Keane Wonder Mine in Death Valley California is unique among the area gold mines and towns during the gold rush of the early 1900s.
It’s not technically correct to refer to Keane Wonder Mine and others as a “mine” because in each case there are many small mines scattered around the hills in these areas, sometimes in the hundreds.
At least three main factors make Keane Wonder Mine unique among the others:
An additional factor adds to the importance of Keane Wonder Mine as a destination: Its accessibility. The Keane Wonder Mine is just 3 miles off one of the main roads in Death Valley only about 20 miles from Furnace Creek (see below) and the 3-mile unpaved access road is in fairly good condition for 2WD vehicle traffic.
From Las Vegas take Hwy 95 North to Beatty, Nevada. At Beatty Nevada take Hwy 394 (Daylight Pass Road) toward Death Valley National Park. About 10 miles after summiting Daylight Pass, take the left split toward Furnace Creek Ranch. In about 5 miles you will see a well-marked sign on the left for Keane Wonder Mine. There will be about 1 mile of unpaved road to get to Keane Wonder Mine.
From the parking area, head for the largest wooden structure just about 200ft East and at the base of the Funeral Mountains. This is the lower stamp mill where gold ore was processed. It’s also the site of the lower mining town. However, not much remains other than the stamp mill. There is an image of the stamp mill and mining town at their height in the slide show on this page. The best pictures of the stamp mill will be noon or later when it is lit up by the sun. Above the stamp mill you will see a line of aerial tram towers heading up the side of the mountain.
Notice that above the lower stamp mill there is a large cylindrical tank that held liquid — either water for the miners or cyanide to process the gold ore. I’m guessing it’s cyanide as it looks like other cyanide tanks in the region. As the trailhead to the upper stamp mill is unmarked and not clearly evident, just know that the trail will be heading up the tram tower ridge. The trail begins about 50ft below the cyanide tank, circles around to the left and below the tank then heads up the ridge upon which the tank stands. You’ll notice another trail that heads on South of the cyanide tank along the base of the Funeral Mountains. Even though this trail looks more well established, it’s not the trail that leads to the upper stamp mill and mining area.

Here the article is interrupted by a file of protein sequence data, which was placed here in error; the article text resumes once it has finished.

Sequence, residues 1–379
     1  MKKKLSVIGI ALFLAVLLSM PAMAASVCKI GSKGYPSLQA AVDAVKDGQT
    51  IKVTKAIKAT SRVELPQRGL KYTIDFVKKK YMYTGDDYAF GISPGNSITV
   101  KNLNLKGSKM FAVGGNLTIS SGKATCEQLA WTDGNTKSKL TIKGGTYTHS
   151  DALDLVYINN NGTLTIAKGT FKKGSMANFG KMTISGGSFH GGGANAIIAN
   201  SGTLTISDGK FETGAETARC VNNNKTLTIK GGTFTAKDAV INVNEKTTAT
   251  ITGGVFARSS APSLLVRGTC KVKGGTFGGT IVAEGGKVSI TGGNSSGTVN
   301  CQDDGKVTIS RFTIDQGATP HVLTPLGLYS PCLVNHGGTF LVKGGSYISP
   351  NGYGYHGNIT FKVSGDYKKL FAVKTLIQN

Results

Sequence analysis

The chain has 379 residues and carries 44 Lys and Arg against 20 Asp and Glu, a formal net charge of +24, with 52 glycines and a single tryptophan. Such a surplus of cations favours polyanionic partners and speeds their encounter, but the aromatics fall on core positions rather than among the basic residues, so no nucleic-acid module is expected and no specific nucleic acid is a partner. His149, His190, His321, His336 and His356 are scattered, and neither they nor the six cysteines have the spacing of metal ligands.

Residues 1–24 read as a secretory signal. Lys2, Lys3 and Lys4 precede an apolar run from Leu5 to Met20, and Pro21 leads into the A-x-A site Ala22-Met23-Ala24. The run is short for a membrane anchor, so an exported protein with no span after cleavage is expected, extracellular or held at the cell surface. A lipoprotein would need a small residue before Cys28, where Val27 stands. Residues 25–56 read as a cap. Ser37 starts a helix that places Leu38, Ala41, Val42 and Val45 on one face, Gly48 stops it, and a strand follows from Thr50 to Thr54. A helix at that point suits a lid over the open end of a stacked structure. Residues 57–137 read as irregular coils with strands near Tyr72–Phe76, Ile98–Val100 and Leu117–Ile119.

If you turned right (upward) after crossing below the cyanide tank you will soon be rapidly rising as the trail becomes more evident and passes to the left (South) of some aerial tramway towers. Note the rocks on the trail that literally glow as they reflect the sunlight. These rocks are some kind of silvery metal. Also, take time to turn around as you pass the tramway towers and get some great pictures of the towers against the backdrop of the Panamint Mountains with Telescope Peak, Wildrose Peak and Aguereberry Point across Death Valley. These scenes will be the sharpest during the morning hours.
The path between the lower and upper stamp mill, while it rapidly rises over 1,000ft in just one mile, is very stable compared to the loose rock avalanche slope of Mummy Mountain in the Mt. Charleston Wilderness that has twice the incline and much less stability. As you ascend the Keane Wonder Mine pathway you’re mid-slope on the South slope of the huge canyon that ends in the wash at the lower stamp mill. The trail is wide enough and there is no exposure as long as you stay on the trail. You’ll also notice an old pipeline that ascends along side the trail toward the upper stamp mill and mining area. This is the pipeline that supplied the miners above with water. At regular intervals there are brief “U-shaped” variations in the pipeline, probably to help control the downward water pressure which must have been great in this mile-long 1,000ft vertical ascending pipe. The intent was to get the water to go uphill.
After about a mile and 1,000ft ascent you will see a second large wooden structure similar to the one below. This is the upper stamp mill where the gold ore was first processed before being sent down the aerial tramway that begins at the stamp mill. There is a short split-off trail that goes down to the stamp mill for a closer look. There is also a pully and gear structure up the hill just to the left (South) of the stamp mill. You’ll begin to see mine openings in this area, there are over 50 around and above the stamp mill. The openings are closed off and have warning signs that describe the dangers of entering an old mine. Two particularly interesting mines are one on the trail a few hundred feet below the upper stamp mill that still has an intact doorway opening and another just above and to the left of the stamp mill that has ore cart tracks protruding from the mine opening.
Continuing on past the upper stamp mill you will arrive at the remains of the upper mining camp. There are a couple piles of wooden boards that mark where structures once existed build to provide shade for the miners as Summer temperatures in the area can soar into the 120’s.
There are a number of mine shafts above the mining camp, but the trail up the side of the cliff becomes exposed and dangerous beyond a upper warning sign. On the other hand, there is a more established trail that continues up the main canyon. I continued up this trail for about a mile or so. It winds around, becomes pretty sketchy as it crosses over the canyon wash and eventually ends in a huge box canyon surrounded by 500ft towering walls. I think there are routes one can explore that might lead to the summit of the Funeral Mountains, but I stopped at the box canyon. There is a curious split-off trail that crosses over the canyon to the South (right) and looks as if there was once a bridge over the wash. I did not follow this trail, but there is likely another mine shaft around the corner.
1890s – 1904:
1907: Mine in full operation